Cerence Introduces Cognitive Arbitrator to Make it Easier for Cars to Offer Multiple Voice Assistants
Cerence today announced a new AI-based product called Cognitive Arbitrator designed to enable automakers to provide multiple, simultaneously available voice assistants within a car. According to a media release from this morning, “The Cognitive Arbitrator serves as a voice router, listening, understanding and routing users’ requests to the assistant or content service best suited to accomplish the task.”
The Many Voices of Cars
The growing popularity of Apple CarPlay, Android Auto, and Alexa Auto have created a situation where consumers often want access to these services through a general-purpose consumer assistant such as Siri or Alexa while driving. However, these assistants typically cannot control in-car features. Conversely, voice assistants designed for the driving experience don’t have access to all of the common features of a smartphone or smart speaker. Choosing one voice assistant while driving can limit what a driver can do by voice.
The new Cognitive Arbitrator is designed to enable drivers to request by voice, and it will determine what assistant is best positioned to fulfill it. Think of it as a conversational traffic cop. Requests for music might go to Siri for Apple Music, while the weather check might access Big Sky’s Alexa skill. Navigation or climate control would be handled by the embedded assistant provided by Cerence to the majority of the world’s automakers.
“Voice assistants are becoming more prevalent at home, at work, and on the go, and the average consumer’s digital ecosystem is expanding, creating a need for interoperability no matter where they are,” Cerence Core Automotive executive vice president Stefan Ortmanns said in a statement. “It’s imperative that we democratize access to assistants across global markets and harness these platforms for their strengths, while also providing a seamless experience.”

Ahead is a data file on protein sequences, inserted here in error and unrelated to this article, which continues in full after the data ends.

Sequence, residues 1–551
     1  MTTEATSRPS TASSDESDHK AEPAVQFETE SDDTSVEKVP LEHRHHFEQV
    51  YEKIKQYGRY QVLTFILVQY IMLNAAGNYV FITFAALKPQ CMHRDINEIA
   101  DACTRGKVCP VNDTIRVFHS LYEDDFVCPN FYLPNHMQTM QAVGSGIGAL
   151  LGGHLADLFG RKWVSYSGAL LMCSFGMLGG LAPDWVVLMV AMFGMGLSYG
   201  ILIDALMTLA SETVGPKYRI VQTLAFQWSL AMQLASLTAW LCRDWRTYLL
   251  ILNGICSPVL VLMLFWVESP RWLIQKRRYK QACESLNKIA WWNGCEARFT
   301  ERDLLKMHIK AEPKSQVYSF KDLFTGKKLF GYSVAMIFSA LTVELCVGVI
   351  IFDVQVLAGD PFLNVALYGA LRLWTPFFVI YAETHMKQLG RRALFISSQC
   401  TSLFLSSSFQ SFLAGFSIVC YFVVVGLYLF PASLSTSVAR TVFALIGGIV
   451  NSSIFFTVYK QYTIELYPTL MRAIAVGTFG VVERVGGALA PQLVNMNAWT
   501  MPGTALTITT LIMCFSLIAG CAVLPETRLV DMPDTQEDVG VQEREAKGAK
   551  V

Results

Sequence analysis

Car Voices Speak Up
Cerence’s new feature speaks to the growing variety of car-based voice assistants and how personalized they can be. Cerence has been at the center of the personalization efforts since it spun out of Nuance and started operating independently. According to Cerence, close to 300 million cars on the road use its platform, and it is working on agreements for even more. The company debuted a new tool for customizing the voice of car voice assistants called My Car, My Voice at the end of last year, and demonstrated gesture-based controls and automatic emergency vehicle detection at CES this year before announcing plans for a new car voice assistant in a partnership with LG.
Cerence is well aware of the growth of automotive voice tech that goes beyond its products. Alexa and Google Assistant are both rapidly integrating into new vehicles and adding new features like the ability to pay for gas by voice. That’s not even counting the voice assistants for cars built by car companies or by Cerence rivals like SoundHound. According to a Capgemini Research Institute report, close to three-quarters of drivers will use a voice assistant by 2022. Cerence can capture more of that market with the Cognitive Arbitrator, acknowledging that people use more than one voice assistant, and car manufacturers have to be flexible in that regard.
“Different voice assistants are serving as specialists for different tasks in our lives,” said Bret Kinsella, founder, and CEO of Voicebot.ai. “We are not going to have a single voice assistant for all things. As a result, voice assistant arbitration is a necessary development that can offer a better user experience by hiding the technology’s back-end complexity. This will be particularly helpful in the car where it can reduce the cognitive load on the driver while providing a more personalized experience.”
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